The Magic of Montessori: Life Changing Tips to Declutter Your Child’s Play Space
Oftentimes we’ll see Instagramable images of seemingly organized playrooms with large bins or baskets. Unfortunately, when it comes to play time, the baskets invite dumping as an activity, which can quickly turn into an endless loop of trying to keep the area tidy. As frustrating as this can be for mom or dad, it also hinders your child’s development. In Montessori we often speak of the idea of external order creating internal order. Just like an adult who has trouble focusing when their desk is a mess, a child is distracted when they have too many options at playtime. Offering your baby or toddler a curated selection of toys displayed at their level allows them to deeply concentrate on the play at hand as they learn new skills. Implementing a toy rotation process will take a little work on the front end, but it’s truly a game changer for both parent and child!
If you are new to the concept of toy rotation, we recommend first taking an assessment of all of your little one’s toys. Any broken toys or items that are missing pieces should be discarded. Any gifted or hand-me-down toys that aren’t aligned with the materials you would like to offer your child can be donated. From the keepers - consider what your child currently engages with, and pair it down to 6-8 toys, while you store the rest for rotated use.
After you’ve selected your child’s current rotation of toys, you’ll want to put the rest in storage. It’s easiest to label boxes with ages, while keeping toys that are applicable for your child’s current level of development within reach of their play area - perhaps at the front of a nearby closet.
We recommend displaying the 6-8 toys on a low shelf. The shelf allows even babies who are just learning to maneuver themselves to wiggle, scoot or crawl to independently select a toy, which boosts their self confidence and growth mindset. Keep in mind, low shelves come in many forms! You can take the doors off a low cupboard or take advantage of the bottom part of a bookshelf to get creative in your space. It’s ideal to set up your baby or toddler’s shelf in an area of the home where your family spends the majority of their time. Your child will love feeling that they are part of the action as they play independently!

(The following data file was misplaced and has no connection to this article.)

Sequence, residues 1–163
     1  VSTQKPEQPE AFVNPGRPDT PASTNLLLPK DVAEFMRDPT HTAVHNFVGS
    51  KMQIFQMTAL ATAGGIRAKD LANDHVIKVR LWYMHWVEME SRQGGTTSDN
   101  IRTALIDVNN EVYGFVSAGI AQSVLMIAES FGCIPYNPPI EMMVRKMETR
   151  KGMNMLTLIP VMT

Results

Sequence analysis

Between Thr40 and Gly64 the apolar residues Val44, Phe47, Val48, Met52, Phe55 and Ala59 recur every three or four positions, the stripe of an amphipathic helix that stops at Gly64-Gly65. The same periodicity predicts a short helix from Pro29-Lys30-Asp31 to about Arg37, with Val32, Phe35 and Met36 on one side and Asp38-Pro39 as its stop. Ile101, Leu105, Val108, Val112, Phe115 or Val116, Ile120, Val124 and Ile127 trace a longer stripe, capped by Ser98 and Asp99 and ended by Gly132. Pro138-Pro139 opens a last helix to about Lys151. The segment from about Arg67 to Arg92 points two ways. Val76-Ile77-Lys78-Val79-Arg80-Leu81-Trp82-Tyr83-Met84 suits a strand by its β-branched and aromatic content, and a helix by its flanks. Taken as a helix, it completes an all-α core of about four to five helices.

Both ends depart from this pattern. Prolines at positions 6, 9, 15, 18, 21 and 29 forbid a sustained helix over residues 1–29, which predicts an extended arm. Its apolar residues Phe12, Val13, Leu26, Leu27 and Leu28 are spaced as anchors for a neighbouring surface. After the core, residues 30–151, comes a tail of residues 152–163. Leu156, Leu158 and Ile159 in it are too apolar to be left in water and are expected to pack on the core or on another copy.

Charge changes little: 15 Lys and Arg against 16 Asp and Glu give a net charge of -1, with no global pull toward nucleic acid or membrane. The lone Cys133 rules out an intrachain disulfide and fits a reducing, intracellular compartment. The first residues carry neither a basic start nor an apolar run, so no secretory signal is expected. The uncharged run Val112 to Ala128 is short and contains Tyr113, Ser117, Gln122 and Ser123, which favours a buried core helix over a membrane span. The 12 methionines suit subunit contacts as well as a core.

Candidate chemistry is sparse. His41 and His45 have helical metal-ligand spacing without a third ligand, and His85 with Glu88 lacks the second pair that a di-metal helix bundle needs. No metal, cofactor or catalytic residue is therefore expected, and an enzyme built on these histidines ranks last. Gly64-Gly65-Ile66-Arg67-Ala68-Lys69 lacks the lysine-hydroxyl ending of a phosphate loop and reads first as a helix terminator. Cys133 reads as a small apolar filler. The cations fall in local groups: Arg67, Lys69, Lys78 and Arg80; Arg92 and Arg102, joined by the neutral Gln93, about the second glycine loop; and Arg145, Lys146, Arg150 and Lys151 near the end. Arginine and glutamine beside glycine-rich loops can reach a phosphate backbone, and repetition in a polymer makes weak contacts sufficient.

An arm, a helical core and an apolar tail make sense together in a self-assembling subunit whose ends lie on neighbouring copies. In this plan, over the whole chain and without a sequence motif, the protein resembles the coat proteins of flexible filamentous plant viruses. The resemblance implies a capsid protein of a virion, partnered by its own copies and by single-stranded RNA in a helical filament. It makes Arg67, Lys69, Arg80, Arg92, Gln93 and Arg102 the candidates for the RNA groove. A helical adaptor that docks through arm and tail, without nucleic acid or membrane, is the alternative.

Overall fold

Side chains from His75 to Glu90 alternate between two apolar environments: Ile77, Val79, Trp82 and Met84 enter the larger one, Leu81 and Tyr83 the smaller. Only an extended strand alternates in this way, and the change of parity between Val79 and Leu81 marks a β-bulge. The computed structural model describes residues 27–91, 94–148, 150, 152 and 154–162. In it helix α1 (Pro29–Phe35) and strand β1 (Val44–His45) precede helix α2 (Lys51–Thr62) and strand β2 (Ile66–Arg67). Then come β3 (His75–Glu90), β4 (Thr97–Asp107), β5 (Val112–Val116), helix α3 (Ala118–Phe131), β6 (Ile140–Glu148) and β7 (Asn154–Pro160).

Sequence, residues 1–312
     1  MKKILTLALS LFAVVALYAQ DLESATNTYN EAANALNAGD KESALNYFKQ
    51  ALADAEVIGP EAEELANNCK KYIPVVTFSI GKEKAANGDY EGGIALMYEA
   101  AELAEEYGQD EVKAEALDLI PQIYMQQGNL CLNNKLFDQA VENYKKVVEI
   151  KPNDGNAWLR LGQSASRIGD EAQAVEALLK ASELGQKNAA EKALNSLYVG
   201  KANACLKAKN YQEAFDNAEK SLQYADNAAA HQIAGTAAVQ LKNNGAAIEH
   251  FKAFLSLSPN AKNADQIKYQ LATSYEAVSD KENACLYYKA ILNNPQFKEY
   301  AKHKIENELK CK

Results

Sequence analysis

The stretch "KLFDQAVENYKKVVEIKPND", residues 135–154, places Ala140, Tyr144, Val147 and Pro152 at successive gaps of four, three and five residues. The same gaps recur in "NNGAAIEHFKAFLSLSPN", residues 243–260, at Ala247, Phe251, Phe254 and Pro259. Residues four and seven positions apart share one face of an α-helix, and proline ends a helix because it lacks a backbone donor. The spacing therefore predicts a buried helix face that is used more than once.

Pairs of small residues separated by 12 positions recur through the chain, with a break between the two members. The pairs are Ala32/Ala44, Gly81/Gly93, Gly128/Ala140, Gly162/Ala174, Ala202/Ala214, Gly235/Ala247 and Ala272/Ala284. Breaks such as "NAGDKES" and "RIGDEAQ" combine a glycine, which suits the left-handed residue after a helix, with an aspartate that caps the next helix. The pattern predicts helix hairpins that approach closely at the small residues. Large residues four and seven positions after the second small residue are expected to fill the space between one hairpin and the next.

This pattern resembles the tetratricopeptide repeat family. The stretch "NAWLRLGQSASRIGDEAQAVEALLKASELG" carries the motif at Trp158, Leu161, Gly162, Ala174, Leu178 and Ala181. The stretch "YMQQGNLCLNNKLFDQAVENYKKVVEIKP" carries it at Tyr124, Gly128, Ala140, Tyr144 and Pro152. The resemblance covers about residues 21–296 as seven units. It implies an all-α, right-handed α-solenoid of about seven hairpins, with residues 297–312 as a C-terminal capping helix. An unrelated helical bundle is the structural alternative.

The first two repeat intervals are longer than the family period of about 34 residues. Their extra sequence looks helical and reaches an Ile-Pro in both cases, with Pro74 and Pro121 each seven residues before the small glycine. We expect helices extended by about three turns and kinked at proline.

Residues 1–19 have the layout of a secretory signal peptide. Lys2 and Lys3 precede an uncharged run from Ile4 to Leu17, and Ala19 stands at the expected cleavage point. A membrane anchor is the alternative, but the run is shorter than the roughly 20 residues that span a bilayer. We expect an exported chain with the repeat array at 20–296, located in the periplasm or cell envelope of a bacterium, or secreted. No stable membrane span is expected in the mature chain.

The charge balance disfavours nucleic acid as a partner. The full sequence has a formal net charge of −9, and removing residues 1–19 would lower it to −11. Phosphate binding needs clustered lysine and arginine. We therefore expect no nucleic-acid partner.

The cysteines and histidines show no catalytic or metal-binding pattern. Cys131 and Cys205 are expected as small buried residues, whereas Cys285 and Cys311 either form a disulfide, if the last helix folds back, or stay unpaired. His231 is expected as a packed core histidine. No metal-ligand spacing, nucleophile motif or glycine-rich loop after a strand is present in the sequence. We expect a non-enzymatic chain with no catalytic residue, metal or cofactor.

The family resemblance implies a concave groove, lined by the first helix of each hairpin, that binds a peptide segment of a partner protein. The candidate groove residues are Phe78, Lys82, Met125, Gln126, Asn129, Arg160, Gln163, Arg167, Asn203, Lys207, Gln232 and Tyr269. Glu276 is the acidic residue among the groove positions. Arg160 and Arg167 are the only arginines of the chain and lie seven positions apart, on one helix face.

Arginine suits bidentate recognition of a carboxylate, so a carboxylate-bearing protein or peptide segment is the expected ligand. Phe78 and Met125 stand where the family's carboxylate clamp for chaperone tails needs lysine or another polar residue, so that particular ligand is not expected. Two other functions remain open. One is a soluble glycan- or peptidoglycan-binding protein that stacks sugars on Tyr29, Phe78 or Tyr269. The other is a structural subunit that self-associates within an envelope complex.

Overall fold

Although we discourage large baskets and bins, small, child-sized trays and baskets that will hold one activity at a time appeal to your child’s sense of order to group like items on their shelf. Oftentimes parents ask what to do if they are aiming to follow the 6-8 items on a shelf guideline, but their child has a fondness for something like toy trucks. In that case we recommend adding the collection of trucks to a small basket. The same can be said for books, or small musical instruments, or any collection your child enjoys.
Once you’ve set up your child’s shelf, you may wonder what’s next. You’ll want to carve out time to observe your child’s engagement with their environment. Note which toys your child is drawn to and which items they seem to ignore. In this way you’ll be fulfilling what we call “The Role of the Adult’’ in Montessori - where you prepare and connect your child to their space and then watch what happens in order to fine tune and curate their shelf even further as they grow and change. A pro tip for parents to make this process easier is to schedule a time once a week, preferably during naptime, to take away the items your child is not engaging with, and add a few new options from storage. This can be a great post-nap surprise for your child as old toys will have new life, and the variety in their space will keep them engaged and concentrating.
For more toy rotation tips follow @montikids on Instagram and download our free declutter eBook.